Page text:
Another tradition that occurs in Juliet's courtyard is writing your name and that of your loved one on a lock and attaching it to a large ornamental gate in the back left. The gate is overwhelmed with locks that hold hope for lasting love. These are also now attached anywhere they can be attached, not just on the ornamental gate.
In the courtyard there is a bronze statue of Juliet and legend states if you touch her right breast you will find your true love. The original famed statue, which stood in the courtyard since 1972, was pulled from its Verona home due to cracks and wear from the touch of thousands of love-seeking tourists. A crack in the fair Capulet’s right breast and right arm alarmed locals, who petitioned for the statue to be saved. The statue was moved to Museum Castelvecchio where it was restored and now displayed. An exact replica now stands in her place and tourists are continuing the tradition.
There are so many traditions for such a small courtyard that it is really quite bizarre what people will do, thinking this will ensure their love forever. It is a bit tacky and very touristy and probably not a place I would really recommend to visit as it is "just a balcony".Read more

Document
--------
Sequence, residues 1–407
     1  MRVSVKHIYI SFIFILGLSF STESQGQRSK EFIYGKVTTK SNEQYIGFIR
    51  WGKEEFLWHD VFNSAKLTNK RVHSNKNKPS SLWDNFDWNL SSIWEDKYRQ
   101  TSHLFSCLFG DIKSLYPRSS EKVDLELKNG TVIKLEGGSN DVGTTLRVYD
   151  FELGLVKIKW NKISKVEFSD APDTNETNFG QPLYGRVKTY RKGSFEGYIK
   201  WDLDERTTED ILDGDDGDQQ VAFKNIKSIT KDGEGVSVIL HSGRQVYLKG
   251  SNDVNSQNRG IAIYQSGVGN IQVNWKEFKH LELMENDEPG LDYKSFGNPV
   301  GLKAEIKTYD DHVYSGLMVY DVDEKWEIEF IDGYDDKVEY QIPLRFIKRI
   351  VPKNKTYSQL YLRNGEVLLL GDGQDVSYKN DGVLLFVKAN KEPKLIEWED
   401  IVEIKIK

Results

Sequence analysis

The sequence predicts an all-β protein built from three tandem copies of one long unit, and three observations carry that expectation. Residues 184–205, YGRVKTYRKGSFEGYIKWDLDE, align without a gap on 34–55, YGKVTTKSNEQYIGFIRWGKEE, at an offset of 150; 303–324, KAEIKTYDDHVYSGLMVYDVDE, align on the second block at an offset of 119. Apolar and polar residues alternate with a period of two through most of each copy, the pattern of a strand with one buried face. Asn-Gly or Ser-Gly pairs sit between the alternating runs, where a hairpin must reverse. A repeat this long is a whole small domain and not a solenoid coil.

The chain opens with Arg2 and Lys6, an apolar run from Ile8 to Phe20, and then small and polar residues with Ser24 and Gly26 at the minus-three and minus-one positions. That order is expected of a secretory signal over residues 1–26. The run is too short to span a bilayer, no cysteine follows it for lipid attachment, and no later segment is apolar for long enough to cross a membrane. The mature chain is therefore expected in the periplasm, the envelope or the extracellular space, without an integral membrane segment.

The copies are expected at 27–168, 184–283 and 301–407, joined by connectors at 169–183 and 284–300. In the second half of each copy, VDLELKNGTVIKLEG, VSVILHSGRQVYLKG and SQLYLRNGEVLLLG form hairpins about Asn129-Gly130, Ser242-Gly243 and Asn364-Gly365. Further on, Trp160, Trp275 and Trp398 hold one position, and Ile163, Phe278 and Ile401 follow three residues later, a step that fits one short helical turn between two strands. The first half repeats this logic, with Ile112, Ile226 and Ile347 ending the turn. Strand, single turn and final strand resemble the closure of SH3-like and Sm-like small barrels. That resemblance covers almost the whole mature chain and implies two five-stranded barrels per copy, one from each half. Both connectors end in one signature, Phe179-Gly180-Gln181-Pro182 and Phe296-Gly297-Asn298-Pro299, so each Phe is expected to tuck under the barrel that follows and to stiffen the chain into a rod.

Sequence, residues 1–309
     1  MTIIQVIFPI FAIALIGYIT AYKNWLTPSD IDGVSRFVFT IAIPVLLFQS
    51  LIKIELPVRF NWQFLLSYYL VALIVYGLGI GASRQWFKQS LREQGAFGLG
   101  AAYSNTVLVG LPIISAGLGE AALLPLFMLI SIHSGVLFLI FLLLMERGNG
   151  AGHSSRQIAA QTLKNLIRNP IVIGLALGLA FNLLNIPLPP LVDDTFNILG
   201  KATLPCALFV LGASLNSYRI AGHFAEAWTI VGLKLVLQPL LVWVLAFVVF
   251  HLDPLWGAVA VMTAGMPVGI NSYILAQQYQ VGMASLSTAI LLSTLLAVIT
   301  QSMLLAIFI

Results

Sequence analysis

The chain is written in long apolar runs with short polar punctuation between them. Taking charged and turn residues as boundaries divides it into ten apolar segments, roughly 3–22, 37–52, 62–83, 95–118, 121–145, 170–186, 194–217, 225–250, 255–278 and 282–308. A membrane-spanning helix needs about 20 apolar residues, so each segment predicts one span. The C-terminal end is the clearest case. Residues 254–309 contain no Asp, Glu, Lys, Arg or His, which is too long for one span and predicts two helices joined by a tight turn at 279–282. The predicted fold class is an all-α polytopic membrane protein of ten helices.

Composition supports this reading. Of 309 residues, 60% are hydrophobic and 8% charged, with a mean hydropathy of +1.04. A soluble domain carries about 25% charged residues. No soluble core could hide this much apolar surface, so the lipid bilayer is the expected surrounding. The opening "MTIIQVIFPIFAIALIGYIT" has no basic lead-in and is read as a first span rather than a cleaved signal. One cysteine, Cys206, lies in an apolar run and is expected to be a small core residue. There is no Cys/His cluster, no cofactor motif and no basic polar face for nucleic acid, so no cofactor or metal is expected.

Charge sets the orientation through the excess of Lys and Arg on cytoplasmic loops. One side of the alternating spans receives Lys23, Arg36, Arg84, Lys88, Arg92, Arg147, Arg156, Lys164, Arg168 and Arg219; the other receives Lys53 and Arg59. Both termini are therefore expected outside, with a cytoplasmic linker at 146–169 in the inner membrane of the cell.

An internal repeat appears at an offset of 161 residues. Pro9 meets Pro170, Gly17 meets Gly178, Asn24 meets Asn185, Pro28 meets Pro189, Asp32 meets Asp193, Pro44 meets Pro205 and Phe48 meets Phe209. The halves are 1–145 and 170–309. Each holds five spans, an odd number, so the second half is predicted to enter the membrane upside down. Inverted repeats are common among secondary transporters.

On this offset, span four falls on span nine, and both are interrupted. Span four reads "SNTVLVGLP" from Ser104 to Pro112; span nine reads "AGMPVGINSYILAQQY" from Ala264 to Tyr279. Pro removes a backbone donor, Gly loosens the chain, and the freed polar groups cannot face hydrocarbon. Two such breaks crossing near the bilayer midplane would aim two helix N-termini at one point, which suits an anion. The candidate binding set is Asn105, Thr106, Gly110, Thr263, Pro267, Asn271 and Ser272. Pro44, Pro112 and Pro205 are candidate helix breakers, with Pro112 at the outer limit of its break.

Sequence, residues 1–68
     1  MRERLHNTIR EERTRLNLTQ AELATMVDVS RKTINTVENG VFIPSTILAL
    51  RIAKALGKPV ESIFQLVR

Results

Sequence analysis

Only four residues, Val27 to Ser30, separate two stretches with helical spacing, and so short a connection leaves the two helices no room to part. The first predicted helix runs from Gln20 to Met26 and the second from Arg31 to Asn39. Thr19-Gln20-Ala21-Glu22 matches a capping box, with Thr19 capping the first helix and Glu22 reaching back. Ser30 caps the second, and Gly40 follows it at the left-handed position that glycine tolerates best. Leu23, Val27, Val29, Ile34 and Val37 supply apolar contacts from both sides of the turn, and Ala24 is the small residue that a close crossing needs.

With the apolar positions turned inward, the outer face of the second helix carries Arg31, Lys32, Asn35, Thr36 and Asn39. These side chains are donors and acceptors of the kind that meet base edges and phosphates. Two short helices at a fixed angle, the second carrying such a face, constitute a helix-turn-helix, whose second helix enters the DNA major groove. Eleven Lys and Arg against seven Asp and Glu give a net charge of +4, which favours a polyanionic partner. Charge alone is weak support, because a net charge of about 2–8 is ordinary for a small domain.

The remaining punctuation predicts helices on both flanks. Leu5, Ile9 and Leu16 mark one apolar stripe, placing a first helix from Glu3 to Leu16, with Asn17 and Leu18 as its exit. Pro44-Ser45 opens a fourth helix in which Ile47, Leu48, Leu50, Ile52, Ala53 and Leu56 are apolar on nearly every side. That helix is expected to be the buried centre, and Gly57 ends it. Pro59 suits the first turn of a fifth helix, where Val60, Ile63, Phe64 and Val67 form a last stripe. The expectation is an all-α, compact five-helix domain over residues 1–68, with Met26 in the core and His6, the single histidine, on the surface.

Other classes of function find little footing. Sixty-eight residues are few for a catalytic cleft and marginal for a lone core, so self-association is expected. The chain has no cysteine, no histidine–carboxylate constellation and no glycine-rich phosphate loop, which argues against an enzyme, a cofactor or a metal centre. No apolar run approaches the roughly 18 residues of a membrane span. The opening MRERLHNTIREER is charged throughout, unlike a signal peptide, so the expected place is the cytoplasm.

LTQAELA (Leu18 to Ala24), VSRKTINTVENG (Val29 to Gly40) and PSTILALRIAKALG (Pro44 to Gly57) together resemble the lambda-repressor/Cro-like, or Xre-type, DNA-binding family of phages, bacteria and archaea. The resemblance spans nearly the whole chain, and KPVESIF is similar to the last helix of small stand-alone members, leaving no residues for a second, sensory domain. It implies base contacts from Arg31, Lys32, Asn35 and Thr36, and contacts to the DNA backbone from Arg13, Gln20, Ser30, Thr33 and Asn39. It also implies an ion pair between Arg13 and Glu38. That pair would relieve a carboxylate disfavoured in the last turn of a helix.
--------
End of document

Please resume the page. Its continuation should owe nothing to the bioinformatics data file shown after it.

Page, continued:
In our wanderings we came across Piazza delle Erbe, which was once the town's forum during the time of the Roman Empire. This plaza was buzzing with the centre filled with markets surrounded by cafes and restaurants. It has a real vibe about it and the surrounding buildings were beautiful.
The northern side of the square is occupied by the ancient town hall, the Torre dei Lamberti, the Casa dei Giudici ("Judges' Hall") and the frescoed Mazzanti Houses. The western side features the Baroque Palazzo Maffei, decorated by statues of Greek gods. It is faced by a white marble column, on which is St. Mark's Lion, symbol of the Republic of Venice.
The north-western side occupies the site of the ancient Roman Capitol Hill, which looked towards the forum. Many of the buildings facing the square have maintained façade frescoes. On the southern side is the Casa dei Mercanti ("House of the Merchants", also known as Domus Mercatorum), now the seat of the Banca Popolare di Verona. Other buildings, the tall houses of the Ghetto, are reminiscent of medieval tower-houses.
The square's most ancient monument is the fountain, built in 1368, surmounted by a statue called Madonna Verona, which is however a Roman sculpture dating to 380 AD. It was so hot even the dogs were sitting in the fountain to cool down.
Also in the square is the medieval Arco della Costa, Arch of the Rib. A whale rib has been mysteriously suspended from the arch since at least the 1700s, though some estimates suggest much longer, possible since the 15th century. And with Verona located about 120 km from the sea, no one is quite sure how it got there. The arch is the entry point between Piazza Erbe and Piazza dei Signori.